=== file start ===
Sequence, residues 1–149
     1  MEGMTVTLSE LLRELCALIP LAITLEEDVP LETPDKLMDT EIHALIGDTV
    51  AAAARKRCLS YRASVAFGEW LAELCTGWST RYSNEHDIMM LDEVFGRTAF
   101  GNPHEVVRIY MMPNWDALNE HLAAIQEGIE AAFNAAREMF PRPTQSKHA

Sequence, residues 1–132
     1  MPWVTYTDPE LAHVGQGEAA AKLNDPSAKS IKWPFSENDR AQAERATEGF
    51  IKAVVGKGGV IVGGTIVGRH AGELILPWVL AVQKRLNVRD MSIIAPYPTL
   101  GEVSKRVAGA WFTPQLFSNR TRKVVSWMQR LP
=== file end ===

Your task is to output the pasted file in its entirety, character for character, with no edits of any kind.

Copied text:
Sequence, residues 1–149
     1  MEGMTVTLSE LLRELCALIP LAITLEEDVP LETPDKLMDT EIHALIGDTV
    51  AAAARKRCLS YRASVAFGEW LAELCTGWST RYSNEHDIMM LDEVFGRTAF
   101  GNPHEVVRIY MMPNWDALNE HLAAIQEGIE AAFNAAREMF PRPTQSKHA

Sequence, residues 1–132
     1  MPWVTYTDPE LAHVGQGEAA AKLNDPSAKS IKWPFSENDR AQAERATEGF
    51  IKAVVGKGGV IVGGTIVGRH AGELILPWVL AVQKRLNVRD MSIIAPYPTL
   101  GEVSKRVAGA WFTPQLFSNR TRKVVSWMQR LP